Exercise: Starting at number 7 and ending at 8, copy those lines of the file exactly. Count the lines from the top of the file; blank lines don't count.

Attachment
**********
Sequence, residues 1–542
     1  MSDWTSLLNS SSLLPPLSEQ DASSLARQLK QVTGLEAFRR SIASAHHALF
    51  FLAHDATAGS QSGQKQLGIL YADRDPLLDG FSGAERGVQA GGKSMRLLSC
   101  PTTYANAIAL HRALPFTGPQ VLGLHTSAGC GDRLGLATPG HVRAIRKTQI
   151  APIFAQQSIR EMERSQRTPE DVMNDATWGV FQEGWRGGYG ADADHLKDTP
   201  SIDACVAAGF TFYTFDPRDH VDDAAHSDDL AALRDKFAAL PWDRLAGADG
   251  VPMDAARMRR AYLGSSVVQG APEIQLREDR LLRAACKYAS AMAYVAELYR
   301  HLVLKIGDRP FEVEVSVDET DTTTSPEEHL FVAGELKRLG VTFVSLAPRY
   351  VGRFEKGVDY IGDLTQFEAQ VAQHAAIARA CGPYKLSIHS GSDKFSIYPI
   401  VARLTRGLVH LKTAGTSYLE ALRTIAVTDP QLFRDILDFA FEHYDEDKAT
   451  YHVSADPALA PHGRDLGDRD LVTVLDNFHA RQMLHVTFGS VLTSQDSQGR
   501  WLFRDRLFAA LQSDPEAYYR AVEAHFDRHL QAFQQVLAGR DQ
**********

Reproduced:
   251  VPMDAARMRR AYLGSSVVQG APEIQLREDR LLRAACKYAS AMAYVAELYR
   301  HLVLKIGDRP FEVEVSVDET DTTTSPEEHL FVAGELKRLG VTFVSLAPRY